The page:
By Khaled Yacoub Oweis and Stephanie Nebehay
GENEVA (Reuters) - Syria's first peace talks faltered before they began on Friday, with opponents of President Bashar al-Assad refusing to meet his delegation unless it first signs up to a protocol calling for a transitional government.
Plans were ditched at the last minute for the two sides to sit down to talk face to face for the first time. Instead, they would each meet separately with a U.N. mediator, Lakhdar Brahimi, at the United Nations headquarters in Geneva.
The closed-door discussions were due to begin on Friday, two days after a formal opening conference was held in a poisonous atmosphere, with both sides and their global backers making uncompromising public speeches. Any direct meeting appears unlikely for now.
The opposition says it has come to discuss a transition that will remove Assad from power. The government says it is there only to talk about fighting terrorism - the word it uses for its enemies - and no one can force Assad to go.
Opposition delegates decided they would not meet the government delegation unless it endorsed "Geneva 1", a 2012 protocol that calls for a political transition.
"We have explicitly demanded a written commitment from the regime delegation to accept Geneva 1. Otherwise there will be no direct negotiations," opposition delegate Haitham al-Maleh told Reuters.
A U.N. spokeswoman confirmed Brahimi would meet the delegates separately: "There are no Syrian-Syrian talks at the moment," said Alessandra Vellucci. "I cannot tell you anything about what will happen in the next few days."
Even before the announcement that the direct talks were canceled, the outlook was dim.
"The objective is for the first round of talks to last until next Friday, but expectations are so low we'll see how things develop day by day," a Western diplomat said.
"Every day that they talk is a little step forward."
Brahimi has indicated that his aim is to start by seeking practical steps, like local ceasefires, prisoner releases and access for international aid deliveries, before embarking on the tougher political negotiations.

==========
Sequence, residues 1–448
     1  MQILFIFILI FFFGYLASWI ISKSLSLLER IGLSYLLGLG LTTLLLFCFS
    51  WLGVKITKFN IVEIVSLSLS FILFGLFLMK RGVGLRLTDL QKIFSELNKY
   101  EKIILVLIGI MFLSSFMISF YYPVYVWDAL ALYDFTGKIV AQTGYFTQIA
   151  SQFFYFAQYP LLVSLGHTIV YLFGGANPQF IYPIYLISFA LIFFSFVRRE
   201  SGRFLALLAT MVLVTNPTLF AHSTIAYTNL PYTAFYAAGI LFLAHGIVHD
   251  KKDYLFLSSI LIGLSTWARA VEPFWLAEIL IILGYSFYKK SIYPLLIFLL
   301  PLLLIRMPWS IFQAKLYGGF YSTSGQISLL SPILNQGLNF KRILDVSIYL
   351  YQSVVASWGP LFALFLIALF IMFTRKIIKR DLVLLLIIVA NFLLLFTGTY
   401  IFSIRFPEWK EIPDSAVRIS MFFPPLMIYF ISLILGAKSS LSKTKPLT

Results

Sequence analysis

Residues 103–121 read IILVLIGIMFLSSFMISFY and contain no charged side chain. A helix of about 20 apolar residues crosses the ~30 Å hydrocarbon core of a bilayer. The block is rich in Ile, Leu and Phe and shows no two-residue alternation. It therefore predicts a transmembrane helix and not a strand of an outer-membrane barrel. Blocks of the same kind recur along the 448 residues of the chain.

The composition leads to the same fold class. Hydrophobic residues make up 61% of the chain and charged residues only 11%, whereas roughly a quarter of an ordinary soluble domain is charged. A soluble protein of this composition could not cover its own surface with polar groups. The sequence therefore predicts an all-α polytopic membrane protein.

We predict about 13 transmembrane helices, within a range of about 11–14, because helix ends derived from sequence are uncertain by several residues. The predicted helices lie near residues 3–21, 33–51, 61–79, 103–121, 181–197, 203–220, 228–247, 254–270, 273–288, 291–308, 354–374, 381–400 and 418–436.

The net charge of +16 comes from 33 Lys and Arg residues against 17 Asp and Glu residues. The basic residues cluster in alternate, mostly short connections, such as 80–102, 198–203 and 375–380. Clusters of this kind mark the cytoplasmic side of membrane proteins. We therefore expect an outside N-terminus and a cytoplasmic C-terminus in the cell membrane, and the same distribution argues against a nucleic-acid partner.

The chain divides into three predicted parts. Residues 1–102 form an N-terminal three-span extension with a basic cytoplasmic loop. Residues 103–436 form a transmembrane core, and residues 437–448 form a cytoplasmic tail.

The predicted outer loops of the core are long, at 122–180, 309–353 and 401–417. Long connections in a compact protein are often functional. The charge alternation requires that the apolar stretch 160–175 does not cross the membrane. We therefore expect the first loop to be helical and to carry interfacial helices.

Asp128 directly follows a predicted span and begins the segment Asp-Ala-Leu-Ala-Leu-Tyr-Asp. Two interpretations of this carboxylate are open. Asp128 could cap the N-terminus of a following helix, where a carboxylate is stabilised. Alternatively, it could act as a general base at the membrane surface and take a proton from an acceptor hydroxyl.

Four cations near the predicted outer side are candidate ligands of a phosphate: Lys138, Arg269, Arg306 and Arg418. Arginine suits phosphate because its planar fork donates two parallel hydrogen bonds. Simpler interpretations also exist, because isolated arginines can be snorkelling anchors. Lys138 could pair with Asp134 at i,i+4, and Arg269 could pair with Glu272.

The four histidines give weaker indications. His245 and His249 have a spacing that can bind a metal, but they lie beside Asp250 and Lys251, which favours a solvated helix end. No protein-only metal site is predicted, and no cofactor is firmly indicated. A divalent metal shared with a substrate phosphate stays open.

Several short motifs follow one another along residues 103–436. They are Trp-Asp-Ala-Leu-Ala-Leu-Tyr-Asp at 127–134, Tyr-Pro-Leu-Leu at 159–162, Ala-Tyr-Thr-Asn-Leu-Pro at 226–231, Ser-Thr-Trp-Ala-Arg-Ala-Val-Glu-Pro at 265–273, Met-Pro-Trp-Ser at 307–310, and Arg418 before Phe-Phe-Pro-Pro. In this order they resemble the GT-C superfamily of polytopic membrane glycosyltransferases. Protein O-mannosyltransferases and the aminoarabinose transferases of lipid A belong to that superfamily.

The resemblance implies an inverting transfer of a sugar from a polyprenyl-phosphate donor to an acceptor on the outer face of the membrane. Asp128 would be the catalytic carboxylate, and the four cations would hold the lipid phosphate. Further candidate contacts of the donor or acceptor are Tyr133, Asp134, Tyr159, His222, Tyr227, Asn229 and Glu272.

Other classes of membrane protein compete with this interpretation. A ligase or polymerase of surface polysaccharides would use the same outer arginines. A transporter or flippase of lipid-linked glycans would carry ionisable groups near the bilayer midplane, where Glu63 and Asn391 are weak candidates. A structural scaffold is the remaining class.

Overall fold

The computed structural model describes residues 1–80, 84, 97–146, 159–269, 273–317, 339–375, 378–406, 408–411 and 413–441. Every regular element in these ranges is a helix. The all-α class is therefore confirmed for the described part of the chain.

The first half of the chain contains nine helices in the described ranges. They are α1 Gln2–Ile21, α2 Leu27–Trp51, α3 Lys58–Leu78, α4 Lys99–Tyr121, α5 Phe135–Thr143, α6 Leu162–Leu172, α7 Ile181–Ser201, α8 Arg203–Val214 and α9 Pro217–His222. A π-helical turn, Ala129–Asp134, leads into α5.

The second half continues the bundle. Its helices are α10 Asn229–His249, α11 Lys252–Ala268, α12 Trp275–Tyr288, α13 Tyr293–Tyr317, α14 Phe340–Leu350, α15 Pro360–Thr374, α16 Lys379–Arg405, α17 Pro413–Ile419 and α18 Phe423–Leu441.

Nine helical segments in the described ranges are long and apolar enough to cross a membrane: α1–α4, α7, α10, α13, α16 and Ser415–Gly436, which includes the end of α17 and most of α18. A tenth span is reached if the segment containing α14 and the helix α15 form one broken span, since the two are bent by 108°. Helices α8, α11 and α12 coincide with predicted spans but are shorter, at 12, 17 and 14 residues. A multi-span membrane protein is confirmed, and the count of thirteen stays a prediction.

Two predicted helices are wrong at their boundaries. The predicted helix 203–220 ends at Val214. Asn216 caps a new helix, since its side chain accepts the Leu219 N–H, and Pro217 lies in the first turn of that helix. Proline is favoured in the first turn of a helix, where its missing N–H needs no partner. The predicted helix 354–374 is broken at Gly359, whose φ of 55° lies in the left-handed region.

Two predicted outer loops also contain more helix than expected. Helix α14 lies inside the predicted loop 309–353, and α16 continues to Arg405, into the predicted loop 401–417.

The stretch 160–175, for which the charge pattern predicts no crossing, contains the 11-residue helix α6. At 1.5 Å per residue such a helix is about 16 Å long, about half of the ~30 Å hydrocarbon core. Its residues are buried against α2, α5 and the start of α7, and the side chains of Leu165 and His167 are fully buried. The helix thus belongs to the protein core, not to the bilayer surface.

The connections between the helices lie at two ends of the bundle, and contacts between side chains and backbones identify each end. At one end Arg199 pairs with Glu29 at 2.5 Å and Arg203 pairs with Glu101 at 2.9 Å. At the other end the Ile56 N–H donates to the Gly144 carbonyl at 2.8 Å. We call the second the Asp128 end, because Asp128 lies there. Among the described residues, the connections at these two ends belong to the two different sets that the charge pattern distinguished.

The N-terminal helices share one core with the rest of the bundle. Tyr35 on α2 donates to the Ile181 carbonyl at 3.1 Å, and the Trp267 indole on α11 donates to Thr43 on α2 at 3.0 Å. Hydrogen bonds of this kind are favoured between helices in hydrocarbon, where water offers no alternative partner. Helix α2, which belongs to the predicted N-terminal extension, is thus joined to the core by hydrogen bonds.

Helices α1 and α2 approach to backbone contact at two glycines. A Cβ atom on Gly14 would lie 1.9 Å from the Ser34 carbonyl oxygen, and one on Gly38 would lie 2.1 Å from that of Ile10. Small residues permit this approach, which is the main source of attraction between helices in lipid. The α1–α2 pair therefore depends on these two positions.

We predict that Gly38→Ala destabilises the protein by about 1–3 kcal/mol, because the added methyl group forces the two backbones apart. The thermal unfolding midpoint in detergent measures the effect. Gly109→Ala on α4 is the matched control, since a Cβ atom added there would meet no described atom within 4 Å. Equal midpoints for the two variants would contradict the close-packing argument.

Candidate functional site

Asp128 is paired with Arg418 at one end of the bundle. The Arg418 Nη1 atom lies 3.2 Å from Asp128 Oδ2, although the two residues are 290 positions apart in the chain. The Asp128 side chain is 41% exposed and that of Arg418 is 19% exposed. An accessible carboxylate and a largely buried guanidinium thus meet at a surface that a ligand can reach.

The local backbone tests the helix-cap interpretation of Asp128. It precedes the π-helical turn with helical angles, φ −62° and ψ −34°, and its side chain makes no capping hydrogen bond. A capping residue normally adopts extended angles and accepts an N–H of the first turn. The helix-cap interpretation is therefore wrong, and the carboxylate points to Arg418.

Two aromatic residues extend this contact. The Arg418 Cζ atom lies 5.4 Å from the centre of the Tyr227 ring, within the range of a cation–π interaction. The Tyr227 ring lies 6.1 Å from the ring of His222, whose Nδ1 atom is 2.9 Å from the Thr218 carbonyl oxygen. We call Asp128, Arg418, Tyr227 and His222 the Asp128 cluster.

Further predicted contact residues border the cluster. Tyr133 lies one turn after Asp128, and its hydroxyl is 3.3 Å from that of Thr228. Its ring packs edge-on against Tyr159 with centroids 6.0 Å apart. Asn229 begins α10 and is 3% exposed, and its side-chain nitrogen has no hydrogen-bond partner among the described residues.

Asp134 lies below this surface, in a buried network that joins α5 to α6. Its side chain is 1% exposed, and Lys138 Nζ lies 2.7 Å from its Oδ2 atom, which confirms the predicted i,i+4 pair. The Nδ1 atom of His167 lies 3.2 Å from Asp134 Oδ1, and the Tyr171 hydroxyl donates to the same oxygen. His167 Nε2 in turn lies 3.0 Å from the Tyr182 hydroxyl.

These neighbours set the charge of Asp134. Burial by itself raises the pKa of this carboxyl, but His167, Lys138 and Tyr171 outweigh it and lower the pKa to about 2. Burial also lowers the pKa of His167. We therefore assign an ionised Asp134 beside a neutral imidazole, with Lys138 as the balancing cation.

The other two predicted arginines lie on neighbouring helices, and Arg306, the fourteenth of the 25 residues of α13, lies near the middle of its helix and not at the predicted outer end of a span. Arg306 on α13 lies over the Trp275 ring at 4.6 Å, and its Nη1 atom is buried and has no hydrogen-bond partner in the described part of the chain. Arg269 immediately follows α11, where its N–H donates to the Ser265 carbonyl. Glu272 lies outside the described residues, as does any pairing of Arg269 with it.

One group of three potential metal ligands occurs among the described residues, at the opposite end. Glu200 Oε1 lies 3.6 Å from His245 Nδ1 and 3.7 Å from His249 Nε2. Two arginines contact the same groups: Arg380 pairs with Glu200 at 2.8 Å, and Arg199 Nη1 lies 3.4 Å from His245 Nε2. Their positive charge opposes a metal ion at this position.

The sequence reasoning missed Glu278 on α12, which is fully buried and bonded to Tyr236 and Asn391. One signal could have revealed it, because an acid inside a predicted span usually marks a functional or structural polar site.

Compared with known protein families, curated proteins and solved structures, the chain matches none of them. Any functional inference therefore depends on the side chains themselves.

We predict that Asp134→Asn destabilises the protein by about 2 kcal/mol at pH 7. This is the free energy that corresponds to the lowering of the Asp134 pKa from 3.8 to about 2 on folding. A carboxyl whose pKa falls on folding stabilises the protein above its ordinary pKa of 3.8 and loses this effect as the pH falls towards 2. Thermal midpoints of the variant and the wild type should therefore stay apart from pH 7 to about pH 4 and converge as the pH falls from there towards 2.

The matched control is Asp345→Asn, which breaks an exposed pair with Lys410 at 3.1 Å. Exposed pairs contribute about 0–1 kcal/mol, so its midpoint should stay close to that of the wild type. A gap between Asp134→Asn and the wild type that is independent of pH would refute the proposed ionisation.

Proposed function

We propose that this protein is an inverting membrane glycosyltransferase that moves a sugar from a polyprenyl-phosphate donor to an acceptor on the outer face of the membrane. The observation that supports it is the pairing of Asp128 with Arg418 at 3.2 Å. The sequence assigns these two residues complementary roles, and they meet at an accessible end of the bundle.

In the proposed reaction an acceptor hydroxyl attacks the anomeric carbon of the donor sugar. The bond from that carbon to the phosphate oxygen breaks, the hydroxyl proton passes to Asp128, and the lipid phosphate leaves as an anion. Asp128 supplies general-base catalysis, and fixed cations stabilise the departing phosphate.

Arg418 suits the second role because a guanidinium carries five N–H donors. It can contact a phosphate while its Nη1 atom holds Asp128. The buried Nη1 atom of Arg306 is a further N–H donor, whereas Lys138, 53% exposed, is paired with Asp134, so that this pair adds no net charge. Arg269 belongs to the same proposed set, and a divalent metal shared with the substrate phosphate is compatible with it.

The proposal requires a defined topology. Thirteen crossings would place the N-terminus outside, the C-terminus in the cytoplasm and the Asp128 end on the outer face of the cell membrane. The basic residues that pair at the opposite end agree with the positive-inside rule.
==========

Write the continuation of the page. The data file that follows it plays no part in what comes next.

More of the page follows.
Syria's civil war has already killed at least 130,000 people, driven up to a third of the country's 22 million people from their homes and made half dependent on aid, including hundreds of thousands cut off by fighting.
Among the hurdles to progress, the Islamist militants who control most rebel-held territory are boycotting the talks and say anyone attending negotiations that fail to bring down Assad would be traitors.
Assad's main regional backer, Iran, is also not represented at the Geneva talks. U.N. Secretary-General Ban Ki-moon invited Tehran at the last minute, but then withdrew the invitation 24 hours later when it refused to endorse the Geneva 1 protocol.
During Wednesday's opening ceremony, the government delegation drew a rebuke from Ban for using inflammatory language after referring in a speech to rebels raping dead women, ripping fetuses from the womb and eating human organs.
In a defiant speech on Thursday, opposition leader Ahmed Jarba said the international community had concluded that Assad cannot stay in power.
"We have started to look into the future without him. Assad and all of his regime is in the past now. Nobody should have any doubt that the head of the regime is finished. This regime is dead," Jarba said.
Moscow, a key ally for Assad, had given assurances that it was not "holding on" to the president, Jarba said.
Moscow has signed the Geneva 1 protocol calling for a political transition but says that does not necessarily mean Assad must leave power.
Assad's officials left talks with Brahimi on Thursday evening without making any statement.
U.S. Secretary of State John Kerry said there was no sign Assad was ready to quit, although he insisted the Syrian leader had no place in his country's future.
"This is a man who has committed war crimes and still somehow wants to claim legitimacy to be able to govern the country," Kerry said in an interview with Al-Arabiya television.
But Kerry said there could be a place for officials from Assad's government in a transitional government as long as they "do not have blood on their hands".
(Additional reporting by John Irish, Mariam Karouny, Samia Nakhoul, Dominic Evans, Tom Miles and Gabriela Baczynska; Writing by Peter Graff; Editing by Alastair Macdonald)